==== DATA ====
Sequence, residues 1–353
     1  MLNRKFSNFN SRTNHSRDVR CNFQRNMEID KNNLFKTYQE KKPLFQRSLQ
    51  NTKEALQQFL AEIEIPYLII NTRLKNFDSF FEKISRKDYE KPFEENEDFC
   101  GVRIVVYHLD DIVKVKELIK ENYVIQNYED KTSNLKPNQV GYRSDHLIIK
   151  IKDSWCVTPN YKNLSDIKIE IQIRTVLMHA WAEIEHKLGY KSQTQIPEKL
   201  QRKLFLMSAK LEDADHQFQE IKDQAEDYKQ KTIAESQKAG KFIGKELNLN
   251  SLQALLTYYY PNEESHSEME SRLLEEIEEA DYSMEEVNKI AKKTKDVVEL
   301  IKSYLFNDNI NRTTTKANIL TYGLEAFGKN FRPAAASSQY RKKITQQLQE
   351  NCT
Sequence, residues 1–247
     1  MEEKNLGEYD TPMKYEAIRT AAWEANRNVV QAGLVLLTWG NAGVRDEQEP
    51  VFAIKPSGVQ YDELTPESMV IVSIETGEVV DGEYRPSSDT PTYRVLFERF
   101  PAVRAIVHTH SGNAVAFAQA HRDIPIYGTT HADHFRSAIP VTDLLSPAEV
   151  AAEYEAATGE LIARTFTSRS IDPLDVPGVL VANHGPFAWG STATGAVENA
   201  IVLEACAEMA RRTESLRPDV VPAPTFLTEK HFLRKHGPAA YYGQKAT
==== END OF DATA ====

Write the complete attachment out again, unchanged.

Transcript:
Sequence, residues 1–353
     1  MLNRKFSNFN SRTNHSRDVR CNFQRNMEID KNNLFKTYQE KKPLFQRSLQ
    51  NTKEALQQFL AEIEIPYLII NTRLKNFDSF FEKISRKDYE KPFEENEDFC
   101  GVRIVVYHLD DIVKVKELIK ENYVIQNYED KTSNLKPNQV GYRSDHLIIK
   151  IKDSWCVTPN YKNLSDIKIE IQIRTVLMHA WAEIEHKLGY KSQTQIPEKL
   201  QRKLFLMSAK LEDADHQFQE IKDQAEDYKQ KTIAESQKAG KFIGKELNLN
   251  SLQALLTYYY PNEESHSEME SRLLEEIEEA DYSMEEVNKI AKKTKDVVEL
   301  IKSYLFNDNI NRTTTKANIL TYGLEAFGKN FRPAAASSQY RKKITQQLQE
   351  NCT
Sequence, residues 1–247
     1  MEEKNLGEYD TPMKYEAIRT AAWEANRNVV QAGLVLLTWG NAGVRDEQEP
    51  VFAIKPSGVQ YDELTPESMV IVSIETGEVV DGEYRPSSDT PTYRVLFERF
   101  PAVRAIVHTH SGNAVAFAQA HRDIPIYGTT HADHFRSAIP VTDLLSPAEV
   151  AAEYEAATGE LIARTFTSRS IDPLDVPGVL VANHGPFAWG STATGAVENA
   201  IVLEACAEMA RRTESLRPDV VPAPTFLTEK HFLRKHGPAA YYGQKAT